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Eating in

The spy who fed me

CIA agents use Starbucks gift cards to communicate. Gabby Jones/Getty Images

Food and drink can make or break a spy, says Alexis Ferenczi in Vice. In 1940 a German agent called Karl Heinrich Meier ordered a pint of cider in an English village at 10am – forgetting or unaware that licensing laws forbade the sale of alcohol before noon. He was arrested, tried and hanged. The same year another German spy was rumbled after bratwurst was found in his bag. The British were just as clumsy: MI6 considered making chocolate bars laced with garlic so agents dispatched to the Mediterranean would smell like the locals. They didn’t get past the prototype stage.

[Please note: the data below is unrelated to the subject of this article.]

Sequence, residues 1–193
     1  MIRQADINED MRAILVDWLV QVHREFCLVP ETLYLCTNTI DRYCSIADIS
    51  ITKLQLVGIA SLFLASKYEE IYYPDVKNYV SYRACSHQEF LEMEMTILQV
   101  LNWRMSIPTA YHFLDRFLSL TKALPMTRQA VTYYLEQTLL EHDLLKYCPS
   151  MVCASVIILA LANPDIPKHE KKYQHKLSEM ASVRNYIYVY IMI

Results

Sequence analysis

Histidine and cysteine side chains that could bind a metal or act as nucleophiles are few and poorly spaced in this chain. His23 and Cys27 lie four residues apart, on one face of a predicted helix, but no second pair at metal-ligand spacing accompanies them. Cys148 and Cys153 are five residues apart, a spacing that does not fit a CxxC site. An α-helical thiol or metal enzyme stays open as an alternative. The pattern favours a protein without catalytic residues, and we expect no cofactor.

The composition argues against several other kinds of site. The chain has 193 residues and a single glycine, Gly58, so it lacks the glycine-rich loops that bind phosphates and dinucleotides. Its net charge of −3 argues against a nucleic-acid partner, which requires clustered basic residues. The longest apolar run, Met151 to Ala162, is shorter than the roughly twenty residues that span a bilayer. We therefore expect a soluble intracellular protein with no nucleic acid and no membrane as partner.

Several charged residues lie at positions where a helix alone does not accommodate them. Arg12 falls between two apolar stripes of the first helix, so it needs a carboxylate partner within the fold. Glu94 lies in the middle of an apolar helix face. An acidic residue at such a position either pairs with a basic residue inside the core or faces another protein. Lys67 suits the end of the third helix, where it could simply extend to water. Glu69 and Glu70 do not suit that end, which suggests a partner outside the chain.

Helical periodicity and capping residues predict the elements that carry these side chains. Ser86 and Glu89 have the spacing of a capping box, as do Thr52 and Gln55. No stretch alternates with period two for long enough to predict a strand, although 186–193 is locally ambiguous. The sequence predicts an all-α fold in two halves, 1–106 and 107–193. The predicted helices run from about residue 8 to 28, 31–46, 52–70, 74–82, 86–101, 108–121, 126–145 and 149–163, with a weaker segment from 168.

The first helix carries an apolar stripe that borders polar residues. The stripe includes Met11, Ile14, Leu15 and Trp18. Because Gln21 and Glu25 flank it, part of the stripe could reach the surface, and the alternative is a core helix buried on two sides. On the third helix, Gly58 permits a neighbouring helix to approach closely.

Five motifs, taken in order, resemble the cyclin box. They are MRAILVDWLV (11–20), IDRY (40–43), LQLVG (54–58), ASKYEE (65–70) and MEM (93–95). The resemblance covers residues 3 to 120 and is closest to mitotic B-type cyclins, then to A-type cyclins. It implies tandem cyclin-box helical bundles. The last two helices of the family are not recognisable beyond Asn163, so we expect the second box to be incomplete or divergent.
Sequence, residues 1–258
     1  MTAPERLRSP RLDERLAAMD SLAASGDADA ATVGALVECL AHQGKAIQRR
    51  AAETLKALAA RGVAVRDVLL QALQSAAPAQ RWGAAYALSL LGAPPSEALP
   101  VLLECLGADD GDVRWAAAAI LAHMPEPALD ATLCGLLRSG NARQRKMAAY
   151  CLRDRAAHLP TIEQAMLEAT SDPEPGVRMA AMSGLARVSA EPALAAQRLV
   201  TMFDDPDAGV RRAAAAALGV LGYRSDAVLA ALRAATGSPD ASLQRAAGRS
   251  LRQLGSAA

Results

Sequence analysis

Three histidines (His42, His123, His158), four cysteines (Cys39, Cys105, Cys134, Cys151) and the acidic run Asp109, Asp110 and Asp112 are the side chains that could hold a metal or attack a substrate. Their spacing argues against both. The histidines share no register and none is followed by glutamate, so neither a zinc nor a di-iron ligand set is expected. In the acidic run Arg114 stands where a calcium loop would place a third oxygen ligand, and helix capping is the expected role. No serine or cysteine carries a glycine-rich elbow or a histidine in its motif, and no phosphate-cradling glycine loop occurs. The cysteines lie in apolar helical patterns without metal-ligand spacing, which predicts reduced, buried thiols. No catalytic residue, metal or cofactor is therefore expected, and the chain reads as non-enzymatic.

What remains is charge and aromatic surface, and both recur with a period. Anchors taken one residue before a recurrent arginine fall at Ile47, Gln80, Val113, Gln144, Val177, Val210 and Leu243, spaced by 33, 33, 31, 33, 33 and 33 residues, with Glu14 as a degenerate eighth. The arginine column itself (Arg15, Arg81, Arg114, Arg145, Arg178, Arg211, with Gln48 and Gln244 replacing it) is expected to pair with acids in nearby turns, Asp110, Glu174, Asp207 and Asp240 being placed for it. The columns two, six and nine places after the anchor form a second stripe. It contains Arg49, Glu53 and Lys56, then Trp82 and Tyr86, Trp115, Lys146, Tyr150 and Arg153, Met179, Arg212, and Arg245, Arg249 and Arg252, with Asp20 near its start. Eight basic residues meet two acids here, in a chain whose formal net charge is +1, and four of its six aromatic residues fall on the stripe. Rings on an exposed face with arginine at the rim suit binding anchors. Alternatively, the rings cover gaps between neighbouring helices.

More recently, a CIA instructor taught agents to communicate using Starbucks gift cards. A handler can check the balance of each card remotely, so an agent can request a meeting by buying a coffee and depleting the card’s balance. And the strawberries we eat today are descended from plants brought back from Chile by Amédée François Frézier, a spy sent by the French in 1712 to study defence fortifications. Instead he was distracted by the “fragrant fruit”. France’s spying loss is our culinary gain.